Volunteer provide support for K-12 programs offered at the Center. These are fun, hands-on programs that kids really enjoy. Teaching experience is a plus, but not required. Background checks are required.


With the assistance of Center staff, the intern will use photogrammetry to prepare one or more archaeological collections for digital preservation, as well as create a virtual museum exhibit for our Public Archaeology department. Per approval, special projects of the intern’s choosing are also available. During the research and planning, the intern will receive guidance as appropriate to their selected project. Prospective interns should already be familiar with photogrammetric procedures, and Agisoft Metashape.

Collections Management

With the assistance of Center staff, the intern will prepare one or more archaeological collections for curation. During the course of the internship, the intern will learn to identify artifacts and ecofacts common to the San Diego region, including lithics, ceramics, historical objects, and faunal, botanical, and mineral specimens. Center staff will instruct the intern on archaeological laboratory procedures such as basic artifact analysis, manual and computer cataloguing, storage requirements, and preventative conservation. In addition, the intern will become familiar with historical trends in archaeological practice in the San Diego area and will be introduced to current legal and ethical issues in archaeological curation as well as the concerns and rights of culturally affiliated groups with regard to archaeological materials.

Development and Marketing

Under the direction of Center staff, the intern will support the department in various activities, including, but not limited to, fundraising and grant research; e-newsletter development; social media marketing; and website maintenance. This internship will give the intern valuable, real-world experience in non-profit fundraising and marketing.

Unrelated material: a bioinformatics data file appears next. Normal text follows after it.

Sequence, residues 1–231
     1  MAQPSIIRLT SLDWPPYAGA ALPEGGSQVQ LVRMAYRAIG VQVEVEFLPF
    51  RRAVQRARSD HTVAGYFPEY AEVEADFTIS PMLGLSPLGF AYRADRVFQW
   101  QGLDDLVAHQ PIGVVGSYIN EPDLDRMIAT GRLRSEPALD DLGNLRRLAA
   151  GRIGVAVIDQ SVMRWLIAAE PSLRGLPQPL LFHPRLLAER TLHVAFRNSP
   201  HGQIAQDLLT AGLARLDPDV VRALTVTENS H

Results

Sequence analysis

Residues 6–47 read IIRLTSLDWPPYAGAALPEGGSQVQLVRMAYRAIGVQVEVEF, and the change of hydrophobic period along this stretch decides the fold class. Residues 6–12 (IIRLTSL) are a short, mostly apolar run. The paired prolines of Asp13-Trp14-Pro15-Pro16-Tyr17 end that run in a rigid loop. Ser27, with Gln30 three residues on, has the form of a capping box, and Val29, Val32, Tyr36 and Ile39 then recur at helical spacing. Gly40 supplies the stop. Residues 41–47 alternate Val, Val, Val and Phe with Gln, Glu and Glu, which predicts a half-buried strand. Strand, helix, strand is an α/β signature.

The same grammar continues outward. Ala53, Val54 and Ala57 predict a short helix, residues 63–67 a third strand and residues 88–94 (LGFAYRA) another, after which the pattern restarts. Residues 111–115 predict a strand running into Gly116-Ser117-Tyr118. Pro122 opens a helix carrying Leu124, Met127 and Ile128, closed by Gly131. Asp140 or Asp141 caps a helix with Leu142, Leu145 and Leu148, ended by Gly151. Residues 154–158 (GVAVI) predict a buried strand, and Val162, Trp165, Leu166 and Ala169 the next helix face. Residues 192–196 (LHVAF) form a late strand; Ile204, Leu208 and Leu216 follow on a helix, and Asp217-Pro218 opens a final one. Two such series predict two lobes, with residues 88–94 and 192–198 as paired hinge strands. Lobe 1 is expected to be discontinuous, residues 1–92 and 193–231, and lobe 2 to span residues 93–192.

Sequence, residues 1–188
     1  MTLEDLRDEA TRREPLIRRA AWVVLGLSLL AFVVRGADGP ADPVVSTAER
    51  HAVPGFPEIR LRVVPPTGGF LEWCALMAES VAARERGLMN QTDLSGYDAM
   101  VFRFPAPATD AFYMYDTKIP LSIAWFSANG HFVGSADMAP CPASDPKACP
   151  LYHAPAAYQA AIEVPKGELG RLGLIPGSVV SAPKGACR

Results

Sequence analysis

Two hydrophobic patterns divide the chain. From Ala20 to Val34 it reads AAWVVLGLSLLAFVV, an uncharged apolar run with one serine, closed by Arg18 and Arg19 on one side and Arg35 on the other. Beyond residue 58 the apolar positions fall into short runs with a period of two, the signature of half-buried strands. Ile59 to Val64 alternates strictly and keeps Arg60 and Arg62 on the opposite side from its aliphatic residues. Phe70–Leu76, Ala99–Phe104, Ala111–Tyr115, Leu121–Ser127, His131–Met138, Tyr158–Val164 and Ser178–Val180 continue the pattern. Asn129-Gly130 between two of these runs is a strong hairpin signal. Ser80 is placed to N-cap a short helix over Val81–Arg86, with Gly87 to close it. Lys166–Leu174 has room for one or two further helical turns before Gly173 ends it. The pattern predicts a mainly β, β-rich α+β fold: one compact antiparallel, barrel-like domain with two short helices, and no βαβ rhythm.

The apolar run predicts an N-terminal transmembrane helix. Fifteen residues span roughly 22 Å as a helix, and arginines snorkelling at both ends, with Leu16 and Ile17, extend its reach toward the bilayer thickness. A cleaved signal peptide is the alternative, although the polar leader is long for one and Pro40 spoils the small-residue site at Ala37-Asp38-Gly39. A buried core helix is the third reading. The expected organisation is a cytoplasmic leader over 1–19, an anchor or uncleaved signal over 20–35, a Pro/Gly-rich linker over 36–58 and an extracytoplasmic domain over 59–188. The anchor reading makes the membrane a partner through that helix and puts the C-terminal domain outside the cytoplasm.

Geographical Information Systems in Archaeology

Prospective Interns must have completed three courses: Introduction to GIS, GIS Database Management, and Intermediate/Advanced Methods in GIS. The intern will be assigned a project where they will create shapefiles and maps for curated archaeological collections, museum exhibits, and/or public outreach using ArcGIS 10.6. Center staff will instruct the intern on archaeological GIS laboratory procedures such as computer cataloguing, storage requirements, and database management.

Library Science

With the assistance of Center staff, the intern will arrange and catalog materials in the Center’s library. During the course of the internship, the intern will take a leading role in the cataloging, sorting and storing of research files and creating user guides for these collections. Center staff will instruct the intern on archival procedures, computer cataloging, storage requirements, and preventative conservation.

Public Archaeology

Harness your passion for Public Archaeology and gain hands-on experience with K-12 museum field trips, lectures, and public outreach. Additional projects may include creating virtual museum exhibits and activities, assisting in the development and implementation of K-12 curricula programs, planning and presenting public facing content, or educational field trip content of your own design. Must be able to pass a Live Scan.